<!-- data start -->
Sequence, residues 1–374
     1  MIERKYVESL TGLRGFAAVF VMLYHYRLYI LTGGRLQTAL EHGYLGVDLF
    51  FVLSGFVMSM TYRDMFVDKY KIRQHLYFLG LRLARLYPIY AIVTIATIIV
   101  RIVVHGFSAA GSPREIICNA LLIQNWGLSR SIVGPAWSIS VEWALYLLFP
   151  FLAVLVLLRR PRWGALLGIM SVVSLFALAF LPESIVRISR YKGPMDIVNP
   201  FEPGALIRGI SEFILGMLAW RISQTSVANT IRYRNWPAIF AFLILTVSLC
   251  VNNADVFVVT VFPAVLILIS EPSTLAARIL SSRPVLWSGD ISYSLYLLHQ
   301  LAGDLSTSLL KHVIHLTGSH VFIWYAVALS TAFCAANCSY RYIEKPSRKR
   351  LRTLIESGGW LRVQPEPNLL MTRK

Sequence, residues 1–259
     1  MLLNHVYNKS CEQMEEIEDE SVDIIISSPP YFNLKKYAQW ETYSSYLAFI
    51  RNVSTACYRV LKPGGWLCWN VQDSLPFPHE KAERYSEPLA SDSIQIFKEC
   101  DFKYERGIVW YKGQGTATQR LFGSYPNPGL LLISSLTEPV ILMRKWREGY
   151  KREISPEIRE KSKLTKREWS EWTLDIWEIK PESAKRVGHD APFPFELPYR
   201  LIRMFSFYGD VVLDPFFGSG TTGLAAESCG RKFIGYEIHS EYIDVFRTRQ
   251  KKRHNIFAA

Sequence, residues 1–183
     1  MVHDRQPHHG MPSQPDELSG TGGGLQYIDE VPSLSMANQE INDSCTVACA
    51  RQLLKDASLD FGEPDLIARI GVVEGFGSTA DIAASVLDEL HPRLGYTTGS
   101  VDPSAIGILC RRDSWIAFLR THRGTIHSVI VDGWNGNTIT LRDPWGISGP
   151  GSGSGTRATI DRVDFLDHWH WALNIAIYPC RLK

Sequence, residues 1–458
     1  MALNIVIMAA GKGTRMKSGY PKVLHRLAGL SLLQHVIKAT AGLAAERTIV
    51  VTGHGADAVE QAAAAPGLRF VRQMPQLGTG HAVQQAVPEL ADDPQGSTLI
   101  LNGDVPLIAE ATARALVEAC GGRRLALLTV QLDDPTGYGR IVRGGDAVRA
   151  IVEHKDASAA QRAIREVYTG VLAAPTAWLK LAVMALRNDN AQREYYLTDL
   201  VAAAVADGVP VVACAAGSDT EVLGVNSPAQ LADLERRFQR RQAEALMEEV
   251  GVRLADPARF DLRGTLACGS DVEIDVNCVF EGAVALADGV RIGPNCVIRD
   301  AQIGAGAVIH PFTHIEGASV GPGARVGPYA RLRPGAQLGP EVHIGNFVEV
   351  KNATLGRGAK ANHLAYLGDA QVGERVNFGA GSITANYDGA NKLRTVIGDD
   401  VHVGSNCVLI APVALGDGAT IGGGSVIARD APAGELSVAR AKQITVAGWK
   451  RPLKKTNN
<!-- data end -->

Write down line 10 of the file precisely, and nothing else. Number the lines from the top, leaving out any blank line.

Sequence, residues 1–259